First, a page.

Innovation, especially digital innovation, isn’t what it used to be. A word that once referred primarily to medical research and rare breakthroughs is now a dynamic, continuous process at hospitals that entails constantly interrogating the status quo, and improving it by use of technology.
As innovation becomes a constant process in the enterprise, it’s more important than ever to track and manage, to make sure resources are being used as effectively as they can be.
“What we’ve tried to do is we said ‘it’s great that there are lots of pilots out there, it’s great that our clinicians want to do pilots, but how do we make it so those pilots are successful or can be killed quickly?’” said Josie Elias, program manager for the Digital Health Innovation Guide within the Brigham Digital Innovation Hub. “And how do we make sure we know who they are so we don’t find out a year down the line we’ve got somebody who has a server that’s offsite sharing PHI to a company we’ve never heard of? How do we make sure we’ve created the guard rails to keep projects inline as well as create the superhighway to make sure that it happens, to see we can actually get projects done.”
That’s where the concept of an innovation dashboard can come in handy. Babyforyou.net.ua spoke to a number of innovation experts to ask what they track when running innovation projects or groups and when they track it.
Never too early to track If the goal is investing wisely, hospitals should start asking key questions before an innovation process even begins.
“I have a pretty high threshold if you want to build something from scratch, because I say ‘Well that’s awesome, but have you looked at the market? It’s innovating in digital health like crazy,’” said Julia Jackson, Managing Director of the Healthcare Transformation Lab at Massachusetts General Hospital. “And if you can tell me beyond a shadow of a doubt that this is really something the MGH, whose core competency is not computer science, should be building, great. Let’s go for it.”
One important question to ask, with internal or external innovation: Is there an easier way to get or do this?
“I see so many examples of people … that because they happen to know Bill and Bill has a new startup that they end up doing a pilot with Bill and they don’t stop to ask ‘Who else is doing this? Who’s Bill’s competition? Is there a mainstream vendor already offering the same exact thing?’” said Dr. Joseph Kvedar, vice president of connected health at Partners Healthcare. “In my opinion, we don’t have enough discipline around that.”
Another question to ask right off the bat is whether the project is really needed, as well as whether it’s going to generate more work for hospital staff.
“We may get excited about new opportunities, but if it’s not being driven by people on the clinical side that need it, it puts the project at massive disadvantage,” said Boston Children’s Hospital Chief Innovation Officer John Brownstein. “We’re not going to take a process on and push it unless A) it has to be driven by individuals and B) it has to reduce the level of overall workload. We’re not going to throw something in that’s going to be a lot of extra work to improve things, it’s got to be by definition less work.”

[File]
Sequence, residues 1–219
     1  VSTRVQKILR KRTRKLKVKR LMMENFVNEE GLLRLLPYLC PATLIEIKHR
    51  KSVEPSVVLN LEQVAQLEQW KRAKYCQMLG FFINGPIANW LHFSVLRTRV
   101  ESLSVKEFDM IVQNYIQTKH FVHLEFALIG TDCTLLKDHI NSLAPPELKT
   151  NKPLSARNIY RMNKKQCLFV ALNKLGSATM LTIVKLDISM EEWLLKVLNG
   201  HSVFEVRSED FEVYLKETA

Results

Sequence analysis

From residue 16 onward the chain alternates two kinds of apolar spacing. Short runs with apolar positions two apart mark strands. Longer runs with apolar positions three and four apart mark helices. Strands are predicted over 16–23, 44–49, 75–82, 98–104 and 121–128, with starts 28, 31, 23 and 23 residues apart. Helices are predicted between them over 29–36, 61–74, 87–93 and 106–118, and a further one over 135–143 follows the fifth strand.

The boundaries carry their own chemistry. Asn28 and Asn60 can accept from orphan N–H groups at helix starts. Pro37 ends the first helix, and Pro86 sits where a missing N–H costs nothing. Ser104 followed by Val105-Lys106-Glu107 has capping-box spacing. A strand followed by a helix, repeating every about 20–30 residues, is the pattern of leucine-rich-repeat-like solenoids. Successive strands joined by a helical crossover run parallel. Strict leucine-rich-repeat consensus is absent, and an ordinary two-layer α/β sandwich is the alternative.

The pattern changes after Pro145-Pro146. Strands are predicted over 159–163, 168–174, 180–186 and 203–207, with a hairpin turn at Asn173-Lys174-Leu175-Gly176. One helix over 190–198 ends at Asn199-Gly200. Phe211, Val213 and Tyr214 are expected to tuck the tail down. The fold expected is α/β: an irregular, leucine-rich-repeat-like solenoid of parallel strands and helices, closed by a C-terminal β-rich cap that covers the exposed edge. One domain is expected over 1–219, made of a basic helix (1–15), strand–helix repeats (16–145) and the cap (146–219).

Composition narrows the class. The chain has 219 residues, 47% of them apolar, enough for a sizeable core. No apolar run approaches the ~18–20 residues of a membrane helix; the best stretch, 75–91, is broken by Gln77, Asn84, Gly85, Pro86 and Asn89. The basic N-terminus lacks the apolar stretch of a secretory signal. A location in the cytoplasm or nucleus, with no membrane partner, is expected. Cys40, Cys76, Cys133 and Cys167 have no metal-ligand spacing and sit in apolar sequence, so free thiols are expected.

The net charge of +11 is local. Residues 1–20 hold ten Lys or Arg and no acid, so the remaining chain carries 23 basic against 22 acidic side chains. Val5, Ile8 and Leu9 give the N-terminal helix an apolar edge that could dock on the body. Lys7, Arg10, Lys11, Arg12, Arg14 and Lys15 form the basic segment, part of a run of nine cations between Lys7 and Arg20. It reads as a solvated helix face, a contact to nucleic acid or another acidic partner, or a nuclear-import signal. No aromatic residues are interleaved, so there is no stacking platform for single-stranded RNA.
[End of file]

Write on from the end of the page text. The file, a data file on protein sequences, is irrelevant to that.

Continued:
Brownstein said Boston Children’s looks at potential projects through the lens of whether new tools are additive as measured by taking more time to use, or ideally less.
Not one dashboard fits all
Once a project gets going, it’s key to have a plan to measure it as you go, rather than just planning to check in again at the end of the pilot.
“I like to focus on how do you engage stakeholders really early on? How do you make sure this works for them? How do you bring in the voice of the end user, the patient or the provider, into the solution design early on? And how do you validate as you go through the construction of a program, rather than developing the whole thing on your own and then validating it?” said Kamal Jethwani, senior director of connected health innovation at Partners HealthCare.
To that end, Jethwani recommended forming advisory panels with clinicians, patients and any other necessary stakeholders very early in a project’s design phases to ensure all the right perspectives are included.
It’s not easy to give a comprehensive list of what things to track, because every hospital, every project, and every pilot is different. But it’s important to have a plan.
“We craft a project timeline around the innovator and the project,” Brownstein explained. “We create very specific deliverables and timelines around product development, execution, and piloting.”
Those timelines also identify funding and create a roadmap that informs Brownstein and colleagues as to whether the project is on track or not.
That can get tricky because not all metrics apply the same to every project.
“It’s going to vary based on what it is and those are huge variations,” Brownstein said. “We’re going to have startup companies we’re working with and there’s a specific set of things we’re trying to get done, or there’s much earlier stage projects within the hospital that are requiring a lot more intense development. So it’s quite broad.”